Human Performance and Wellbeing

As a PGR student it may well be tempting to work long hours. When you feel there is a lot to be done, it can be easy to coax yourself to work for just a few more hours, later and later into the evening. However, research has shown that working long hours does not increase your productivity. In fact, overworking can reduce your productivity overall [1]. Without giving yourself enough time to recover from your work you can become tired, unfocused and stressed. In turn, tiredness can lead to a reduction in your creativity and an increase in mistakes – which result in work having to be redone. This can often lead to illness, low mood and accidents [2].

The effort-recovery model by Meijman, Mulder and Mulder [3] explains why it is important not to overwork and why you should take regular breaks. Your mind is similar to the muscles in your body – after a workout it needs a rest. We would allow our bodies to rest from an intense workout at the gym, we should allow the same from our brains. 

Sustained overworking will result in lower quality work, problems that you encounter will take longer to solve and you may find your motivation and confidence ebbing away along with your energy. Healthy activities, breaks and rest will help you to work at a high level, maintain your creativity and stay motivated.

Studies have also found that overworking reduces the quantity and quality of sleep. Reduced sleep has been found to be a big factor for PGR students and with significant negative impacts for wellbeing and performance [4]. Lack of sleep has been linked to psychical and psychological problems, such as depression, anxiety, stroke and heart disease [5].

To help improve performance here are five practices that could try:

  1. Get more sleep (see “Tips to Improve Your Sleep“). Could your schedule be a little more flexible? Could you get up later or go to bed earlier? Try not to answer emails or work late into the evening or the middle of the night.
  2. Get more physical exercise (see “Physical Wellbeing and Academic Performance“). As a PGR student you may spend a lot of time sitting in front of a computer or at a desk or easel. Taking breaks and moving more will bring lots of advantages. Physical exercise helps to boost your mood, energy and cognitive performance [6].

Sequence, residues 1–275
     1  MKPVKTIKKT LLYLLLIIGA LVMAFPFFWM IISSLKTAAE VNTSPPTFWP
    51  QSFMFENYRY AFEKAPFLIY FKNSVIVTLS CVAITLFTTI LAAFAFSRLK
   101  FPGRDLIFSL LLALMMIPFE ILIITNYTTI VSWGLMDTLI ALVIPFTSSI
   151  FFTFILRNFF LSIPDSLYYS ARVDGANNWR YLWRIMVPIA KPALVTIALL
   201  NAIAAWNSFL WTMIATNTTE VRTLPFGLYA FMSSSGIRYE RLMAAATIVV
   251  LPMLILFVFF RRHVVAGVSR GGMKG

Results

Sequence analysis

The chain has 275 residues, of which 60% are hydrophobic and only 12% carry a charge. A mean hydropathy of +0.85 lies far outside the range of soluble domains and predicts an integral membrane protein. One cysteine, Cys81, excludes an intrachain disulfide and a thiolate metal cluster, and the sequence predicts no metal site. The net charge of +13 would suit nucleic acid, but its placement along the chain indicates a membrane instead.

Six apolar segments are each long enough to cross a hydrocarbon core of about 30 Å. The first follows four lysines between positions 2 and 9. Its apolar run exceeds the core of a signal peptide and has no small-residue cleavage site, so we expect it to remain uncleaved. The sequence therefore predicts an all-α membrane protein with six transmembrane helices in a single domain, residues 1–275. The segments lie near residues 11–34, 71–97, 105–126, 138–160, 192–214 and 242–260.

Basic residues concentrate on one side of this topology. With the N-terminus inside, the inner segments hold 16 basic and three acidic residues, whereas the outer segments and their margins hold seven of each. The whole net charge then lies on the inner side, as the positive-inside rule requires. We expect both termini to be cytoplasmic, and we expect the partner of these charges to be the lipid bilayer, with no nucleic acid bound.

3. Many students find that mindfulness and meditation can help to increase their wellbeing. Studies have shown that mindfulness can improve mental capacity and attention, and improve your mood [7].
  4. Taking time out from your work to talk to others can increase your sense of connectedness, help you maintain perspective and boost your mood. This maybe a micro break for 5 minutes or an after work meeting up with friends [8].
  5. Deliberately focus on and express the positive emotions you’ve felt during the day. Focus also on any positive things that have happened. Positive emotions can help to increase creativity, tenacity and energy [9].

Video Resources

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A Recently Finished PGR Student Talks About how They Managed Their Wellbeing



De Graaf, J. (n.d.). An Excerpt From Take Back Your Time: Fighting Overwork and Time Poverty in America. Retrieved from


Caruso, C. C. (2014). Negative impacts of shiftwork and long work hours. Rehabilitation Nursing : The Official Journal of the Association of Rehabilitation Nurses, 39(1), 16–25.


Meijman, T. F., Mulder, G., & Mulder, G. (2013). Psychological Aspects of Workload. 15–44.


Smith, Galen, T. (2014). The Graduate Assembly Graduate Student Happiness & Well-Being Report | 2014. Retrieved from


Van Cauter, E., Spiegel, K., Tasali, E., & Leproult, R. (2008). Metabolic consequences of sleep and sleep loss. Sleep Medicine, 9 Suppl 1(0 1), S23-8.


Fox. (1999). The influence of physical activity on mental well-being.


Semple, R. J. (n.d.). Does Mindfulness Meditation Enhance Attention? A Randomized Controlled Trial.


Kim, S., Park, Y., & Niu, Q. (2017). Micro-break activities at work to recover from daily work demands. Journal of Organizational Behavior, 38(1), 28–44.


Fredrickson, B. L. (2004). The broaden–and–build theory of positive emotions. Philosophical Transactions of the Royal Society of London. Series B: Biological Sciences, 359(1449), 1367–1377.